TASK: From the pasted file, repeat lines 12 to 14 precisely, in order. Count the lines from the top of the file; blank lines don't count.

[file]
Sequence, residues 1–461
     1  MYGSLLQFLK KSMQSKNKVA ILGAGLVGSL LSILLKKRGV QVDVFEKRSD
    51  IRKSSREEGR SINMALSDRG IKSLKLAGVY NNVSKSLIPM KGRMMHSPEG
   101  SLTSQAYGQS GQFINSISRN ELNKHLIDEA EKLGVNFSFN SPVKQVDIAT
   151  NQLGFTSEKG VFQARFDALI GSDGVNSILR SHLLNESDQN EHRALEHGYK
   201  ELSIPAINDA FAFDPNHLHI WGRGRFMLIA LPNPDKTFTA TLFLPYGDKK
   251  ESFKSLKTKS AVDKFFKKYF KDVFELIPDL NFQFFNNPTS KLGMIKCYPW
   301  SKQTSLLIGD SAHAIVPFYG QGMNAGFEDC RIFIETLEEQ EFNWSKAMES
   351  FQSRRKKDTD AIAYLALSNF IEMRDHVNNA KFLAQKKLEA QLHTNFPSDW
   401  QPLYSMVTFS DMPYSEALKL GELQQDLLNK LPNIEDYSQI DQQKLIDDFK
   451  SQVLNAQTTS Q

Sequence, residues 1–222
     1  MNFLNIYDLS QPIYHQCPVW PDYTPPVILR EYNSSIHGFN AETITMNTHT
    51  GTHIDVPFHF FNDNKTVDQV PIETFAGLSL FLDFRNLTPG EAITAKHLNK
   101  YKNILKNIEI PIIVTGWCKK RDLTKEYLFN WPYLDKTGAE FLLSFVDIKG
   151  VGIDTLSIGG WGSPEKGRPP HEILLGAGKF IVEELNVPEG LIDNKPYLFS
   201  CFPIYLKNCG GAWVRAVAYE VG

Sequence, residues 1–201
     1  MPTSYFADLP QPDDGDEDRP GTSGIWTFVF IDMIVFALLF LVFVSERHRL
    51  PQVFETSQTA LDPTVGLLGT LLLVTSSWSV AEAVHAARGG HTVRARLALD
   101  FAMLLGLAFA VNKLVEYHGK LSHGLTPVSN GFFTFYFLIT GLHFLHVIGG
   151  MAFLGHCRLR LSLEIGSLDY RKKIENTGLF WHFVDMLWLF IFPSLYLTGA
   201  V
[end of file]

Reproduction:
Sequence, residues 1–222
     1  MNFLNIYDLS QPIYHQCPVW PDYTPPVILR EYNSSIHGFN AETITMNTHT
    51  GTHIDVPFHF FNDNKTVDQV PIETFAGLSL FLDFRNLTPG EAITAKHLNK